I’ve recently taken a job that requires me to arrive as early as 4:30 a.m. I’m having a great deal of fun, but the adjustment has been exhausting. On Halloween, I was weary, so I told the kids I decided against handing out candy.
Daughter looked terribly disappointed. She has been developing her skills as a special effects makeup artist, and looked forward to giving me the appearance of having skin torn from my face.
So I let her work her magic, intending to wear a turtleneck and jeans. But when I spied the tired old Red Riding Hood costume I bought years ago in Berlin, I was inspired! I donned the red-checkered dirndl, and with bloody skin hanging from my face, I became Empowered Red Riding Hood.
As I handed out candy, many girls thought I was a zombie. Conversations went like this:
Me: “No, I am Red Riding Hood AFTER she defeated the wolf!”
They: “I thought a hunter defeated the wolf?”
Me: “In my version she doesn’t need a hunter to save her because she is powerful all by herself. It wasn’t easy, and she got pretty scratched up, but she won!”
They: “That’s why you’re bloody? Because you fought the wolf? That’s awesome!”
Me: “Girl Power!”
They (as they walked away): “Girl Power!”
I felt energized, and on social media I declared it the best Halloween ever. Then I got a message. It seems my costume caused discomfort amongst some of the women in my small, Midwestern town. They used phrases like “boobs hanging out,” “skirt too short,” and “homewrecker.”
Initially, I was annoyed, but then I remembered a time when I was very judgmental of other women. I could blame it on the rules of modesty imposed by the religion I followed. I could blame it on the attitude instilled by my mother. I could blame it on jealousy. I could blame it on a host of reasons, and there would be grains of truth in each. But my primary reason for judging the appearance of other women was fear.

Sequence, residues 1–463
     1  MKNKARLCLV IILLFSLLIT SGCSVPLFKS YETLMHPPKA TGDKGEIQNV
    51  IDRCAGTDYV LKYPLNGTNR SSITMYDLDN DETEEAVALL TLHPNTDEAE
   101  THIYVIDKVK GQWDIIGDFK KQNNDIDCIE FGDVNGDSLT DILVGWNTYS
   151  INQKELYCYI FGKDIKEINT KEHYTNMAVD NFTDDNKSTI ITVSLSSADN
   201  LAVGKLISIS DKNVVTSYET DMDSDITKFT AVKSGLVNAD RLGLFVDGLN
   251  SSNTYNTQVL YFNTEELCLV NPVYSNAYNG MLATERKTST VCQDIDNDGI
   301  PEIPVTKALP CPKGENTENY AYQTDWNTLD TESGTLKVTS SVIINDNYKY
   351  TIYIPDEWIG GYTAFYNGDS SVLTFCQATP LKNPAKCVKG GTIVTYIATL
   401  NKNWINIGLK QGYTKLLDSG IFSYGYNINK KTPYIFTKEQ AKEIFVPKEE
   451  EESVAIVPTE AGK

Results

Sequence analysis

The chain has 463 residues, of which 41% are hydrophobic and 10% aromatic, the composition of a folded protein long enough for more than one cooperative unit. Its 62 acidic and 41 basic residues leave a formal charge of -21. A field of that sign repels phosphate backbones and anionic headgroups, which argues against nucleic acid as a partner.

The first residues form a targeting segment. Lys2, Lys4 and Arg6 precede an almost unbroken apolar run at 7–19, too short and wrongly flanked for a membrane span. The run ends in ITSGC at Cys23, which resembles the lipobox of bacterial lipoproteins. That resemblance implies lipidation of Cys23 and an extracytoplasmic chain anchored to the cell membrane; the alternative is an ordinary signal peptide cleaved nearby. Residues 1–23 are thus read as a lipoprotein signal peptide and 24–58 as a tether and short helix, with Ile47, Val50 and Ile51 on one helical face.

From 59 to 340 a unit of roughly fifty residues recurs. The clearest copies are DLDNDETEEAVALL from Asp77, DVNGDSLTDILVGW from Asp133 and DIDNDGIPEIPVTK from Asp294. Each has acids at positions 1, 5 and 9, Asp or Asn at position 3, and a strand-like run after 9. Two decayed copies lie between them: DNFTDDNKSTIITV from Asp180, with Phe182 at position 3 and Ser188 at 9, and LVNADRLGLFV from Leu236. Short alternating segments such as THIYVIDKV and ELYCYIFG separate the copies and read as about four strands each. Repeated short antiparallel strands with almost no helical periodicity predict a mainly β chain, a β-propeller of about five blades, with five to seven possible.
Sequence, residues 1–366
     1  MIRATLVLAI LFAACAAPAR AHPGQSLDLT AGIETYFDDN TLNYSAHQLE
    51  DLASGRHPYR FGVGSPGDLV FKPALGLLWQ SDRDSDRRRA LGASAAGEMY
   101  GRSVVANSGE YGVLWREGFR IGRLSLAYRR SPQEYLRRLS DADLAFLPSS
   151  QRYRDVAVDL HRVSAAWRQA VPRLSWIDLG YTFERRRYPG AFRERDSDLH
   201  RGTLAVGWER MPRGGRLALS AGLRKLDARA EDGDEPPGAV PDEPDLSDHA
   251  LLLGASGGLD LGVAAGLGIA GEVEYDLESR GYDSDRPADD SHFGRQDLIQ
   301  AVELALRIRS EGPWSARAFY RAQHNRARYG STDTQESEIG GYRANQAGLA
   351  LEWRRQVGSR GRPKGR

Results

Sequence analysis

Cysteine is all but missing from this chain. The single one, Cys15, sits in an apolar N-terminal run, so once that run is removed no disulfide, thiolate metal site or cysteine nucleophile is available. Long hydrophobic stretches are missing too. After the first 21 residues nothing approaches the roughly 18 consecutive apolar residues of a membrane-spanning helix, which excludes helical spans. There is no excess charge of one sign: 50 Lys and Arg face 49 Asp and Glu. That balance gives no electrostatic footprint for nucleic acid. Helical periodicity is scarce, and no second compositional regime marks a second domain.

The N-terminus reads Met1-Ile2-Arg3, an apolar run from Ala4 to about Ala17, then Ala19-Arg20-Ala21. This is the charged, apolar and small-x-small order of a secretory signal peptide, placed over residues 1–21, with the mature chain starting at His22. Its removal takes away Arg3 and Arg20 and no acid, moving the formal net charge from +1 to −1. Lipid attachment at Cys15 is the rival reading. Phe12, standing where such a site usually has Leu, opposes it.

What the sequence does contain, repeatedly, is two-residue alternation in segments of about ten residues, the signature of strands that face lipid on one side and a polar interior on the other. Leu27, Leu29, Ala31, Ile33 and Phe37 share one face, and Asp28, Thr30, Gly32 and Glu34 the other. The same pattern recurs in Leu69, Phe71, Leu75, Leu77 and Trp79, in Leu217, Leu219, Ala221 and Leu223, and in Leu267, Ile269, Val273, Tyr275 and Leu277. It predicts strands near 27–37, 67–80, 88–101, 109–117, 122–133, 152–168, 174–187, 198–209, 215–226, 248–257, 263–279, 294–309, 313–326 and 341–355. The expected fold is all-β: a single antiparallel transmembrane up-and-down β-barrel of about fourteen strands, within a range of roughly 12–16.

Fear that my husband would find them more attractive than me.
Fear that I would never have the body I wanted.
Fear of sexuality.
Fear of the unknown.
Fear of my own repression.
Fear of things that go against societal norms.
Fear of losing my perceived power.
Fear of never living the life I truly wanted to live.
Fear that maybe, just maybe, the rules I’d lived by my entire life were actually wrong.
Fear is a powerful emotion that causes us to think, speak, and live in ways that are completely unhealthy. What if the women in my neighborhood had decided to focus solely on themselves? Granted, the holiday is geared toward fear, but it is also an entire twenty-four hours when you can try on any life you want. Maybe you would like to be a belly dancer. Or a business woman. Or a nun. Or a movie star. Or a goddess. Or a three-headed monster. Or an ex-wife. Or something super scary like a German restroom attendant.
The point is, the world is vast and wonderful, and there are endless possibilities for how you can choose to live your life every single day. My fears went away when I started focusing on my own path, and quit worrying about others.
Every individual has their own journey, and it is not my place to judge what someone else needs for the furthering of their own soul. My journey led me to a Halloween night in small town, USA where I attempted to empower young girls to recognize their strength. The following morning, I was back at work, taking the next step and the next and the next. We’re all going to leave this life soon enough. Personally, I don’t want to waste one minute in fear of how someone else chooses to live.
Syndicated columnist Ginger Claremohr is an author, speaker, and mother of five. Follow her on Facebook, find her on the web: www.claremohr.com, or contact firstname.lastname@example.org.